Pragmatic Language Skills

I’ll be completely honest here….this has been a huge learning curve for me! I’ve been learning from my students as well as wonderful co-workers and I’ll share with you my take on pragmatic language skills.

The actual definition of pragmatic language is the social use of language.

When I started working in schools, I thought...yeah, I know pragmatic language. I just need to teach kids how to say hi, use eye contact, and answer questions. Done!

Well….it is a bit more complex that that. There are many aspects to social language that lie beneath the surface.

For example, saying hi is just saying “hi.” A child says “hi” differently depending on their communication partners (friends, teachers, parents). Some times it is socially acceptable to wave to friends and sometimes is is acceptable to say “hi” with a hug but this will depend on the level of the friendship and the comfortable level of your communication partner.

You are getting the idea...right?!

Then, to add a layer...there are the goals of the student. Some students WANT to make friendships and some would rather be alone. This true for all people on this earth. This is a personal choice and both are okay. It is important not to put our social goals on to our students. 

Okay, let’s breakdown the areas of pragmatic language:

We, humans, use language for many social purposes such as:

  • Greeting others
  • Asking/answering questions
  • Requesting/Asking
  • Giving information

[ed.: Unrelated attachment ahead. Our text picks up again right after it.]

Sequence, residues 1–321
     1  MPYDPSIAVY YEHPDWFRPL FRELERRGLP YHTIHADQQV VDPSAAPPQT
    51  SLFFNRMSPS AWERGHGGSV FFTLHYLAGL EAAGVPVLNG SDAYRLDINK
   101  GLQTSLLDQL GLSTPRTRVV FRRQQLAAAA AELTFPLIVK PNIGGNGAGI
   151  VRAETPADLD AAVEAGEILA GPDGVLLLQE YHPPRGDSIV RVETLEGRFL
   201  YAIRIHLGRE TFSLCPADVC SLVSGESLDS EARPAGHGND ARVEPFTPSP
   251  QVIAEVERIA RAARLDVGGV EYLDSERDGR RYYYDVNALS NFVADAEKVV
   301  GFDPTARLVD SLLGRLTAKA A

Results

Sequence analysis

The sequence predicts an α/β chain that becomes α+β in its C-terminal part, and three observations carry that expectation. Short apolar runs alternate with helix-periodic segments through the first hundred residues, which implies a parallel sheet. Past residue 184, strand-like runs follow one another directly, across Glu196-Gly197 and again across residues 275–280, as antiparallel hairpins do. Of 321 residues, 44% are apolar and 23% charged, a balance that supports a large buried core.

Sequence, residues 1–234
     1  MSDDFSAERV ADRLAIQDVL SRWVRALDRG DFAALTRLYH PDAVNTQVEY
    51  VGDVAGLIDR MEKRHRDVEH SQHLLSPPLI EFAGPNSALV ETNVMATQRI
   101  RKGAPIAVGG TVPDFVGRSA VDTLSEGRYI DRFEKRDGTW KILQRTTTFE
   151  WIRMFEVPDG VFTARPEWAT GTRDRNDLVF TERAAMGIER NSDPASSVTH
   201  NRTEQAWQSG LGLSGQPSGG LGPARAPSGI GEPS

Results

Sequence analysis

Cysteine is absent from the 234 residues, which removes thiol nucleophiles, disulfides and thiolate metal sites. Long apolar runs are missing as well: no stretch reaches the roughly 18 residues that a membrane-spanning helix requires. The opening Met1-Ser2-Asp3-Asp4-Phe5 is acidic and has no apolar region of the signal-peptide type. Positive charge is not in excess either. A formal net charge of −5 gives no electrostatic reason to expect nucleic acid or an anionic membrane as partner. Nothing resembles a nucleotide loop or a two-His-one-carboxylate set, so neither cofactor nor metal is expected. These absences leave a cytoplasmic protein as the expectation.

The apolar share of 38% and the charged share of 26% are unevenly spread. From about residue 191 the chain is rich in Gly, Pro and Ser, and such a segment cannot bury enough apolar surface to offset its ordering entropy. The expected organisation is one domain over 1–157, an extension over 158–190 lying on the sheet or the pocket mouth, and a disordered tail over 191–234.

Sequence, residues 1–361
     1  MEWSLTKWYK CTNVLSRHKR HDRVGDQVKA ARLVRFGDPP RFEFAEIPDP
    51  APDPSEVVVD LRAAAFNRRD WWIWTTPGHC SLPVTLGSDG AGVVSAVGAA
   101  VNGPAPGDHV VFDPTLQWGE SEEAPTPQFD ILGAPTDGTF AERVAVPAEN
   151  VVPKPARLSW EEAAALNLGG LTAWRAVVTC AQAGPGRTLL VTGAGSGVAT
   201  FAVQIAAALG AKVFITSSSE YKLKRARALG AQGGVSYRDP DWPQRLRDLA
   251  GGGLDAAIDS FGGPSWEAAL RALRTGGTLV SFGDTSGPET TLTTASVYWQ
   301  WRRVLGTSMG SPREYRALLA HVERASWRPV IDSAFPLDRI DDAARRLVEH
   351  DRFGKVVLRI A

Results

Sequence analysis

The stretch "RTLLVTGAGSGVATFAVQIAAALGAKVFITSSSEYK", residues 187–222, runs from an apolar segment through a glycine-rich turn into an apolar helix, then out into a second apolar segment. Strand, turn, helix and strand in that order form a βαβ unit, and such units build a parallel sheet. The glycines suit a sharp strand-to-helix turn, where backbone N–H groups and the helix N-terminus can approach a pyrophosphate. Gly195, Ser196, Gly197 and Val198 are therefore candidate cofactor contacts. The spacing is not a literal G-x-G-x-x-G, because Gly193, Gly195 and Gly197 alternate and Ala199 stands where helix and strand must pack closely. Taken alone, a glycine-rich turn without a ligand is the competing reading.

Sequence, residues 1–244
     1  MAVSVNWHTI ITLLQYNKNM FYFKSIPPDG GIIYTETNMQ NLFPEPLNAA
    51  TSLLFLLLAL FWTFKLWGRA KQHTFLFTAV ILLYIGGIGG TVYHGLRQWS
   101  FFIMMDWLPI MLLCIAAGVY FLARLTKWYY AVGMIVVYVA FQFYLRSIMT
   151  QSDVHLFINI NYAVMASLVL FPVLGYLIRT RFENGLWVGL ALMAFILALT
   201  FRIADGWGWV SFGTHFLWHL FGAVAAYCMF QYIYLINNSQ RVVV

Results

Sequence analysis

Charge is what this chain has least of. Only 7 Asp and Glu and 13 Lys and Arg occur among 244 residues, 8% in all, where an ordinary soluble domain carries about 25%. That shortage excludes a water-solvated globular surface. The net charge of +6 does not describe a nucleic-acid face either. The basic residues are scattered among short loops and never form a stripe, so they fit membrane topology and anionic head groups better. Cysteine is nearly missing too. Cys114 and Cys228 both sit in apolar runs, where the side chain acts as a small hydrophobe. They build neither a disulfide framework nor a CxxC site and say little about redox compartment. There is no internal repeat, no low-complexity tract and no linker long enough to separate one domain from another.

• Making appropriate jokes
  • Participating in conversations
  • Asking questions
  • Maintaining topics
  • Answering questions
  • Making comments
  • Telling stories
  • Recognizing when listeners misunderstood and rephrase
  • Recognizing if listeners are bored
  • Stopping to answer questions
  • Allowing others to participate

These are just a few areas of pragmatic language. The tricky part about pragmatics is that they can’t be tested with a paper and pencil. Pragmatic language skills are completely dependent on the social situation.

Some children with pragmatic language difficulties KNOW what they are suppose to do like, you should say “hi” to someone who says “hi” to you, but can’t carry out the activity in an actual situation.

The other factors to consider are….

  • Is the child haven’t trouble socializing with friends or does he/she just not have the language skills to understand the conversation (receptive language deficit)?
  • Is the child wanting to answer a question but doesn’t have the vocabulary needed to do so (expressive language deficit)?
  • Does the child want to have friends but his attention is so short, so he has trouble engaging in games?

This is where I'm learning like crazy. Check back soon for our assessment page for more tips!

How to Help Pragmatic Language

This is NO COOKIE cutter program for this area of language. It depends on your child's skills, goals, and language abilities.

It is always a good rule of thumb to model:

  • Basic social skills
  • Personal body awareness
  • Turn taking
  • Asking questions

These areas are needed to function in society!

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› Pragmatic Language



Bridget is an ASHA certified, practicing speech language pathologist. She is passionate about providing parents with information on child speech and language development as well as provide functional, easy activities to do at home! Parents have the power to make a real difference.

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